Pandigital 7" photo frame won't play video
It appears that the Pandigital 7" frame (7001W01) can only play back videos encoded with the Motion JPEG A codec. The instructions do not articulate this properly and only inform you to use .avi and that video from other sources other than your camera may not be supported. Problem is, not all cameras use MJPEG A to compress the footage. But this workflow will allow you to make any type of video playback on the frame.
Just to clarify - .AVI is not a video format. It's a wrapper that holds the video. The same goes for things like .MOV or .OGM. These are only wrappers. So for Pandigital to say the frame supports ".AVI" does not explain much. It does not support codecs like DiVX or H.264, for example.
At any rate - your best option to get video to play back on these frames is to download MPEGStreamclip from the developer Squared5 (it's free) and use it to convert your videos to Motion JPEG A avi's. I'm not sure about Fixya's linking policy, but you can easily search google for "MPEGstreamclip" and find Squared5's website.
MPEGstreamclip is available for both Mac and PC platforms.
1. Once you have the software, open it and go to FILE -> OPEN FILES and select the video you would like to encode. It will load in the viewer.
2. Next, go to FILE -> EXPORT TO AVI. This will open your compression options for an .AVI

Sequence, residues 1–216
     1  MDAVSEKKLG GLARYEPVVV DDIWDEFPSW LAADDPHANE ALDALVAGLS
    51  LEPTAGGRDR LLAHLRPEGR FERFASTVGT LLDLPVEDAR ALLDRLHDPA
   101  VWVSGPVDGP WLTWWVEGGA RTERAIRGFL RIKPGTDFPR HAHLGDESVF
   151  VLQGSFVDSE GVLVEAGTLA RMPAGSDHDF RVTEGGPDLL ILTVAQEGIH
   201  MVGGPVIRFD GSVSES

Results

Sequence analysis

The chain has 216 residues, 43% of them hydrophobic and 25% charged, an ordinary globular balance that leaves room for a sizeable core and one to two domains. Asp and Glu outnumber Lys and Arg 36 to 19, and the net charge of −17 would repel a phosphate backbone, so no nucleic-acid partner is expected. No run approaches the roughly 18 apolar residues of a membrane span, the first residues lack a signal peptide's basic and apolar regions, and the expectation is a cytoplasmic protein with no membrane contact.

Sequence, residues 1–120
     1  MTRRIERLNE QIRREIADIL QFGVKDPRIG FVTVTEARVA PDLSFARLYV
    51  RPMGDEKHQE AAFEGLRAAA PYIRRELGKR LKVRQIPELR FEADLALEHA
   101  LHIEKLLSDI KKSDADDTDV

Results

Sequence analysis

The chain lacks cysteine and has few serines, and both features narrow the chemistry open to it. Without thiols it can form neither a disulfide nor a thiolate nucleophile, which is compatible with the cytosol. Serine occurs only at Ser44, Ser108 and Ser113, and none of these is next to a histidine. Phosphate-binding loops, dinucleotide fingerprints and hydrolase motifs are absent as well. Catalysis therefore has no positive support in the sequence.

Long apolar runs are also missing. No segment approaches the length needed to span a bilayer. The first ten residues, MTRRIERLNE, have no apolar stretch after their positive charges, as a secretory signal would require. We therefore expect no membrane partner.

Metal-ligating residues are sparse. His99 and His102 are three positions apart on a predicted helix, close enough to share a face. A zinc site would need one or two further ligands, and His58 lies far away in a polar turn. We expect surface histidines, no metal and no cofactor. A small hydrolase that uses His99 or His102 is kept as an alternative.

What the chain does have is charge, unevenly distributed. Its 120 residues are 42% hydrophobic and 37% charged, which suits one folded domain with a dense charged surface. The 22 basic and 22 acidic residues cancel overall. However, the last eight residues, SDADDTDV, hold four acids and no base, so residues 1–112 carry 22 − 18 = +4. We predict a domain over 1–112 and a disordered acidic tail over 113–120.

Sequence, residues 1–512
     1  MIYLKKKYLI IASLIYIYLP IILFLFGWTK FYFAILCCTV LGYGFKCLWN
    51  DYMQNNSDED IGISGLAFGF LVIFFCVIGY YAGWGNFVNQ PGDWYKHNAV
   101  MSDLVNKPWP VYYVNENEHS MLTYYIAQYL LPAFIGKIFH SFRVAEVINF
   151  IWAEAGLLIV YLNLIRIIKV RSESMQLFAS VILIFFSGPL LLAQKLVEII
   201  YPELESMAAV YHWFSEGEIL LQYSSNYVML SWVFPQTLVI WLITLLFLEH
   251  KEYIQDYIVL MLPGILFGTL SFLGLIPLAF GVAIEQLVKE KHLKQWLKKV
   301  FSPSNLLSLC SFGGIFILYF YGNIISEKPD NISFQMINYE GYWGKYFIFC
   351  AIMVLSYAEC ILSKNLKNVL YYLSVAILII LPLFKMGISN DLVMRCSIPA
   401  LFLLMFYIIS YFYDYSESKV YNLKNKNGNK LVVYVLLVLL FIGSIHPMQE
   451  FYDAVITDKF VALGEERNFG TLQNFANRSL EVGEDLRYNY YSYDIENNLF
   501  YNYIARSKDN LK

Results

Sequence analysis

3. The first option you are offered is "Compressor" - this is the most important. Click on the arrow and scan through until you find "Apple Motion JPEG A" Click it to select this as your compression codec.
4. Leave the quality setting at 50% I found that the Pandigital Frame will choke on larger files. We're going to be shooting for a file size of appx 300mb for 3-4mins of video in order to keep things moving. Video data is very large, and the fact is is that this frame is not meant to playback very data intensive files. So you will be best off playing it safe and keeping your bitrate (kbps) low.
5. If your video file has sound, leave your Sound setting at MP3 / Stereo / Auto, but drop the bitrate to 96kbps or 128kbps. Again, we're trying to keep file sizes down and the audio out of the Frame is not great to begin with. If you must have audio, keep it low (96kbps or 128kbps) If your file does not have sound, click the MP3 drop down menu and select "No Sound"
6. Choose your frame size. If your video is 16:9 (rectangle) select 854x480 (16:9) if it is 4:3 (square) select 640x480 (4:3) - Please note, if you are using 4:3 videos, your video will have black bars on both sides of the frame. This is the nature of video aspect ratios. Aside from magnifying your video to fit a 16:9 screen, you will need to have black bars.
7. Check the box "Deinterlace video"
8. Ignore the other options.
Click "Make AVI" and the video will begin to be compressed. As I mentioned, video is a very data intensive process and compression can take time depending on the length and size of the original video. I tested this on files that were 3 minutes and 3 GB to begin with on a MacBook Pro and got the file down to 300mb in 15 minutes using these settings. I repeated this on a PC running Windows XP and had the same experience. Your times and sizes will vary.
I do not recommend trying to playback files over 700mb on the frame. My first attempt gave me a 1GB file that froze the frame when it tried to playback.
In all likelihood you will need to put the video file on a SD card or use a USB thumbdrive as the internal memory of the frame is 128mb.
Good luck! And don't be afraid to try other settings in MPEGstreamclip to better render your videos for the frame. Video compression is all about trial and error :)
Dec 17, 2008 |
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